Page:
JIS News

A group of some 15 Chinese experts will arrive in the island by month-end to explore the possibilities for the resuscitation of the island’s railway system.
Prime Minister P.J. Patterson, who made the announcement at yesterday’s (June 27) post Cabinet press briefing at Jamaica House in Kingston, said this would be with a view to examine the possibilities for the provision of passenger service between Kingston and Spanish Town and subsequently May Pen in Clarendon.
The Prime Minister was providing an update on the outcome of his official visit to China from June 17 to June 24, where he visited Beijing, Xian and Shanghai.
Mr. Patterson said the visit to China allowed for the conclusion of a number of agreements, which were initiated during the February visit of Chinese Vice President Ma Xiuhong.
During the visit, six bilateral agreements were signed for co-operation in Education, Bauxite, Railway, Technical Co-operation (two), and Travel.
The agreement on education represents a five-year renewable contract, which will see China sending tutors to teach the language at the University of the West Indies. Both countries will explore the possibility of teaching of the language in secondary schools in Jamaica.
Under the Bauxite agreement signed between Jamaica Bauxite Mining Limited and China’s Minmetals Corporation, Minmetals will undertake a detailed feasibility study for the building of a plant in St. Ann for the export of bauxite, briefly in the first instance, and alumina for use in China, soon afterwards.
Two technical co-operation agreements were also signed with the Chinese Government providing US$1.25 million in grant aid for the implementation of economic and technical projects.
Meanwhile, the Prime Minister said the visa abolition arrangement, which was also agreed on, would see the issuing of multiple entry visas from the island’s ports of entry for the purpose of business travel between both countries.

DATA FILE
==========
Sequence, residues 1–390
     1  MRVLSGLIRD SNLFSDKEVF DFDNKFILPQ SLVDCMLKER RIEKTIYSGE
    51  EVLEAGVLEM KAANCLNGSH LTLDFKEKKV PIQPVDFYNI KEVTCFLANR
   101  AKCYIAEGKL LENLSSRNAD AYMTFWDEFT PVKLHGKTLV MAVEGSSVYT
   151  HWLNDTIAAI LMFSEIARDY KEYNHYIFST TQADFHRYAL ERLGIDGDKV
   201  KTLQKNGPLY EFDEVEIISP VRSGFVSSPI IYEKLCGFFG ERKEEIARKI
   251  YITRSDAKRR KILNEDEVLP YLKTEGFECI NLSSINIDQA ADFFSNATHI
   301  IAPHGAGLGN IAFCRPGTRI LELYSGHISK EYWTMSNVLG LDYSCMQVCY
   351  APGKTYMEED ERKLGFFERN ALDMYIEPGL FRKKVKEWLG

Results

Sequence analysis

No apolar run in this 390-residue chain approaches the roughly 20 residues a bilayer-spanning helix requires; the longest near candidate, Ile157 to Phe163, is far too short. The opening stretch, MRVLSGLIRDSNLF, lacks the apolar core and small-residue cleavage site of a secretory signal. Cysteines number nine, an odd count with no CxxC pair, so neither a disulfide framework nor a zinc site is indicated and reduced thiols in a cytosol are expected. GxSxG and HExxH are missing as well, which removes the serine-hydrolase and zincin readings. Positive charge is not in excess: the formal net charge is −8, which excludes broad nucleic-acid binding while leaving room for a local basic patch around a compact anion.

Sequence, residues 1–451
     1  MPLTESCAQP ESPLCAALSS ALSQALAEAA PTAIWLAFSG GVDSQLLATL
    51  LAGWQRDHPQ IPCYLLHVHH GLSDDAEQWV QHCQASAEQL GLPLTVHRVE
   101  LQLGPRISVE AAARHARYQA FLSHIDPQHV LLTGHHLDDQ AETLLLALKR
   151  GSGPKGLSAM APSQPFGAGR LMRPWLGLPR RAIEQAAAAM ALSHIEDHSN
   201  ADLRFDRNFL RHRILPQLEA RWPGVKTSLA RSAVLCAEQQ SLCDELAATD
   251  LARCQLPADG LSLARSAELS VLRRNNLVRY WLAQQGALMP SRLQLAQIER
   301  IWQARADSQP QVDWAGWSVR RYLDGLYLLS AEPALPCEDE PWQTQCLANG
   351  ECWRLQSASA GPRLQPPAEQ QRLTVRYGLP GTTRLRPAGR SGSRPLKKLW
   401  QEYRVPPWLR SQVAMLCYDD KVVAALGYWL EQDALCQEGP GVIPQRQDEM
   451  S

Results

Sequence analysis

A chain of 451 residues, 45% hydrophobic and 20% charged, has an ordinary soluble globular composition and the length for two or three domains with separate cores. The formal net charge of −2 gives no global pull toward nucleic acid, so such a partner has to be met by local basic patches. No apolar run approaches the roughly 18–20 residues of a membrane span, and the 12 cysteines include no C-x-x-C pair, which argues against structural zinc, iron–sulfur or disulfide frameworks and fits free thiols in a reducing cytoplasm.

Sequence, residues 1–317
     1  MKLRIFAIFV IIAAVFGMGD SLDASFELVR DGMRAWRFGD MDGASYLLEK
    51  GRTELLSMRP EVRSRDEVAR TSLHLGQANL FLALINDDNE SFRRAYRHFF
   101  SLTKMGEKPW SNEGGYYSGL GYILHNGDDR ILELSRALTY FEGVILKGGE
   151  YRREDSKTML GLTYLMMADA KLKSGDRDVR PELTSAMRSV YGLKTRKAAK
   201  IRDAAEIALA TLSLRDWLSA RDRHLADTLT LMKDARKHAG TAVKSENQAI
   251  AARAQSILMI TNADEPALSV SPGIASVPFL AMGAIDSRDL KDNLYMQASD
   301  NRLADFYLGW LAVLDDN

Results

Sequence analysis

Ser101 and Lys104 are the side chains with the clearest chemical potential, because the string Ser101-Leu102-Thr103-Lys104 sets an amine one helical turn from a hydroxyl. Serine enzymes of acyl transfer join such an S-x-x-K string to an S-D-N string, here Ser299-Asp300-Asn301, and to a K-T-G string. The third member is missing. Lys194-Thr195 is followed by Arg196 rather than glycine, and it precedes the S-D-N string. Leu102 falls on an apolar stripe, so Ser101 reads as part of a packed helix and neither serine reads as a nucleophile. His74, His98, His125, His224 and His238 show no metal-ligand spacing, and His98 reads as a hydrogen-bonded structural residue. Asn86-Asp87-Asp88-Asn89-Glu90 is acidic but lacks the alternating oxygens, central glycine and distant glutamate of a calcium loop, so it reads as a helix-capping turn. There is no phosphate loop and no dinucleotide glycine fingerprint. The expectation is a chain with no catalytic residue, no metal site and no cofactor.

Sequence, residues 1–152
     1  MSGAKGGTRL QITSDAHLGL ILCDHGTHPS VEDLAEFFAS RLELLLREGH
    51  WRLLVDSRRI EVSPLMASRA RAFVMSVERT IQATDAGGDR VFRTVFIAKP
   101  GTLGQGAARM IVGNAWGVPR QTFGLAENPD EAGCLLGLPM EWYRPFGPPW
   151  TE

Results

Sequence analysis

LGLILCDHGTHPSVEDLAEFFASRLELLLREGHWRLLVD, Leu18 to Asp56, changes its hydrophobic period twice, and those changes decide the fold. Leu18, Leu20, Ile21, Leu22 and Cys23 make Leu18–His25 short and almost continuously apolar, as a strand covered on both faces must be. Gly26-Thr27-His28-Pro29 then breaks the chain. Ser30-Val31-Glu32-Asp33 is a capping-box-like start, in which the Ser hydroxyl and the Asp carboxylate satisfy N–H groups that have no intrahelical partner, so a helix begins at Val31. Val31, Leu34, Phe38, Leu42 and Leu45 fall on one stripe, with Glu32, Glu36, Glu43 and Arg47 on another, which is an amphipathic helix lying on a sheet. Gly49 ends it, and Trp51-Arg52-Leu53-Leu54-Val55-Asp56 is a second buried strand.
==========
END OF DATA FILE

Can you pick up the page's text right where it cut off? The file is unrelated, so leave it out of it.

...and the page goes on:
“That is really intended to facilitate business travel and it is a precursor to the volume of visitors, which we expect to flow from our designation as an approved destination status for Chinese visits,” Mr. Patterson said.
He said the visit was also used to rouse interest in several projects, inclusive of the China Town project, envisaged as a part of the redevelopment of Downtown Kingston.
The Prime Minister said the administration was very committed to the redevelopment of Downtown Kingston. “This is not a partisan political matter, it is something which is in the interest of the entire nation,” he stressed. Furthermore, he said it would have been necessary in any event, but as the country prepared for Cricket World Cup 2007, it was an absolute must.
Mr. Patterson pointed out that it was also essential to enlist greater levels of support from corporate Jamaica than has been evident so far in respect of the redevelopment proposal. He said this drive would have to be spearheaded by the Government.
He said the possibilities for collaboration between Shanghai, which was presently the fastest growing city in eastern Asia, and Montego Bay, was also being examined.

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